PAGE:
Suffragettes December 5 1913

THE MORNING POST DECEMBER 5 1913

MRS PANKHURST IN PRISON

DRIVE FROM PLYMOUTH TO EXETER

Mrs. Pankhurst was arrested on board the White Star steamship Majestic on arrival at Plymouth yesterday about noon from New York, and was subsequently taken to Exeter Gaol by motor car in charge of police officer and of detectives who had come from London. While at dinner on Wednesday evening she was informed of the action that the Government had decided to take, and when the Chief Constable of Plymouth, two officers from Scotland Yard and others instructed for the arrest went on board the Majestic Mrs. Pankhurst was asked to come to the Purser’s office to see them. She refused to do so, and the police, going to the promenade deck, made the arrest in the presence of many of the passengers. There was no scene or demonstration. When the Chief Constable of Plymouth asked Mrs. Pankhurst to consider herself under arrest she demanded his authority, and was answered that a warrant, in the circumstances was unnecessary. Mrs. Pankhurst at first declined to move, but, after a short conversation with the police officers, went on board a special tender that they had chartered to take her ashore. At her urgent request she was accompanied by Mrs. Rheta Child-Dorr, an American journalist and personal friend.

The tender on which the police had embarked unnoticed, at a Devonport quay, proceeded on leaving the Majestic, not to the Great Western Docks, Plymouth, the usual place for ocean passengers to land, but steamed up the Hamoaze about three miles to Bull Point, the Government explosives depot for Plymouth Naval Station. There were in waiting two motor-cars. One was entered by Mrs. Pankhurst and her friend, the Chief Constable, and a Scotland Yard officer, and in the other travelled the Plymouth police matron and four police-constables. Mrs. Pankhurst had not been allowed to bring away with her any of her baggage.

On leaving Bull Point, from which the public are at all times rigidly excluded, the cars proceeded across country by way of Tamerton Folliot until the main road from Plymouth to London was reached. Then the route taken was through Yelverton and across Dartmoor, passing Princetown and Moreton Hampstead, and the cars arrived at Exeter at a quarter past three, Mrs. Pankhurst being lodged in the county gaol.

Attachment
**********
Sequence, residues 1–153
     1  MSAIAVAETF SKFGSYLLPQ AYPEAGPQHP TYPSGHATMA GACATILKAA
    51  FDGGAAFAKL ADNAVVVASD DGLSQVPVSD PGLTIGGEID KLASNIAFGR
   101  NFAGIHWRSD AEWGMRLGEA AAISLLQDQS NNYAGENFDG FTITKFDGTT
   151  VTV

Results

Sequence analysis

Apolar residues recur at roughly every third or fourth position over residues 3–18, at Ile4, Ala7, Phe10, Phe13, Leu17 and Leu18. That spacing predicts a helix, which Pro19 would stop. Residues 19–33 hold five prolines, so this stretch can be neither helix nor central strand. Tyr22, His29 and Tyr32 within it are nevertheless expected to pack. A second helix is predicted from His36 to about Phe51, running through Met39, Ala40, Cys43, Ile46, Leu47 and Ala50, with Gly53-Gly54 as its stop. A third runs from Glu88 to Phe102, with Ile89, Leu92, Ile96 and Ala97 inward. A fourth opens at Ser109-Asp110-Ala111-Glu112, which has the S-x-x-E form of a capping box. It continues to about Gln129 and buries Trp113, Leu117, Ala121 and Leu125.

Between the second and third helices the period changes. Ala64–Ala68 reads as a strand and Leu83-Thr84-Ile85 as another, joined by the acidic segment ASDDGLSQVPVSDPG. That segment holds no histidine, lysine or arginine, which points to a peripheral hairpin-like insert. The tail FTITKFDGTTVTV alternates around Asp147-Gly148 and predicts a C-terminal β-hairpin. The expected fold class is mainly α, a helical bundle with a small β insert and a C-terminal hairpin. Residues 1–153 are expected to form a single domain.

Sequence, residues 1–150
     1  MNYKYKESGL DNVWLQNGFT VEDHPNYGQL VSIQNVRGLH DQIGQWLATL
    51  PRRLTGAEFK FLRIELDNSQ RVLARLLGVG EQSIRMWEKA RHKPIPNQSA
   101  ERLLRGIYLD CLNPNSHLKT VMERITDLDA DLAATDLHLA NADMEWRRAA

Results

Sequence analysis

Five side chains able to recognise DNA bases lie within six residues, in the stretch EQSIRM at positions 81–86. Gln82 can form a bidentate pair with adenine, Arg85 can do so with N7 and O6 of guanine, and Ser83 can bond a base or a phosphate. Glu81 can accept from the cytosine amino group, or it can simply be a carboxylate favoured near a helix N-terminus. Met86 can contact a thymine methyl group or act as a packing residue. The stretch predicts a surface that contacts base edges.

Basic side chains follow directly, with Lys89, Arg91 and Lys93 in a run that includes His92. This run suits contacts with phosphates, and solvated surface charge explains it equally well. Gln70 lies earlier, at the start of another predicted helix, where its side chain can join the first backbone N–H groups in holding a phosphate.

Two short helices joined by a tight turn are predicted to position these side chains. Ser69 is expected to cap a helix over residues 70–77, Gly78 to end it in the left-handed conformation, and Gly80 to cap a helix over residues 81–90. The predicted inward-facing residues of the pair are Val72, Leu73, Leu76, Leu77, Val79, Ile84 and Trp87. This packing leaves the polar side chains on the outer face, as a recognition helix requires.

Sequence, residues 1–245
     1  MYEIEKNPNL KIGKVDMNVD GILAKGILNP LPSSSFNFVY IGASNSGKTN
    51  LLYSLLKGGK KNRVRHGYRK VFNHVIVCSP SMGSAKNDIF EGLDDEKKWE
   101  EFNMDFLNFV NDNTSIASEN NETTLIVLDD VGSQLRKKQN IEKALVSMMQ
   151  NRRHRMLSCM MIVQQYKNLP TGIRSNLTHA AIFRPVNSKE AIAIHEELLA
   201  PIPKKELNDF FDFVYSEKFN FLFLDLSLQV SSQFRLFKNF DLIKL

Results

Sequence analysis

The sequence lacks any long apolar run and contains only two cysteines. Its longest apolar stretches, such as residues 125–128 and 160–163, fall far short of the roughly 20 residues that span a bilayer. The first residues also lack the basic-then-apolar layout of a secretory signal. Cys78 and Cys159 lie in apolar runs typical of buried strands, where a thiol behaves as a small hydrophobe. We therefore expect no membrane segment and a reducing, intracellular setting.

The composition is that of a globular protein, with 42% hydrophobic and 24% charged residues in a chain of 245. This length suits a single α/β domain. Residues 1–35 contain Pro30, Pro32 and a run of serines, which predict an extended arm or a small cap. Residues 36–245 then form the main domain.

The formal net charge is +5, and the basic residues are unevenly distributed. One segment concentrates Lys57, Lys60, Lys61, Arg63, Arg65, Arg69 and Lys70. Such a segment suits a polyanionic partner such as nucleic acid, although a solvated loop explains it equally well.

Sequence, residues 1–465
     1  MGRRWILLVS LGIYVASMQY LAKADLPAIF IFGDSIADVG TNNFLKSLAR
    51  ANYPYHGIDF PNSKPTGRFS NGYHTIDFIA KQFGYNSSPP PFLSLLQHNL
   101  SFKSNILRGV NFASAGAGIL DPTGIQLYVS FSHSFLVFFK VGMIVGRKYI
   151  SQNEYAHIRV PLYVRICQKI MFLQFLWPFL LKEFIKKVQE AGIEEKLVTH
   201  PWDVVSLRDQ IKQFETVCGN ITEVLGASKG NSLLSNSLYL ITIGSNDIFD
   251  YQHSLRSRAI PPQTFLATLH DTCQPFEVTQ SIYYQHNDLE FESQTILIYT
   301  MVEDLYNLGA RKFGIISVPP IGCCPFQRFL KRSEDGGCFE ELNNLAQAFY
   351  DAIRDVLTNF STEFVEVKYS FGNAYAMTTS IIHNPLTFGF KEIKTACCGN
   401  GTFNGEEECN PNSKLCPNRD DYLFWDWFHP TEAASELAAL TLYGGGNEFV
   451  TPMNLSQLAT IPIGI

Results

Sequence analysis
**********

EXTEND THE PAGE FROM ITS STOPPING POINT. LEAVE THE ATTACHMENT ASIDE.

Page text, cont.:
Anticipating that Mrs. Pankhurst would be landed at the Great Western Docks, a large crowd had assembled there. A Suffragist bank played, and Mrs. Flora Drummond and a bodyguard of about twenty Suffragists, with motor-cars waiting, were at the Ocean Quay, Devonport, to receive Mrs. Pankhurst in case she should be landed there. At both places considerable irritation was shown when it was realised that the enthusiasts had been outwitted by the police, but there was no hostile demonstration. Miss Grew, addressing the crowd at the Great Western Docks, said the plan which had been adopted was proof that a miserably weak Government dared not face the Plymouth public and arrest Mrs. Pankhurst ashore.

Anticipating that Mrs. Pankhurst would be landed at the Great Western Docks, a large crowd had assembled there. A Suffragist bank played, and Mrs. Flora Drummond and a bodyguard of about twenty Suffragists, with motor-cars waiting, were at the Ocean Quay, Devonport, to receive Mrs. Pankhurst in case she should be landed there. At both places considerable irritation was shown when it was realised that the enthusiasts had been outwitted by the police, but there was no hostile demonstration. Miss Grew, addressing the crowd at the Great Western Docks, said the plan which had been adopted was proof that a miserably weak Government dared not face the Plymouth public and arrest Mrs. Pankhurst ashore.

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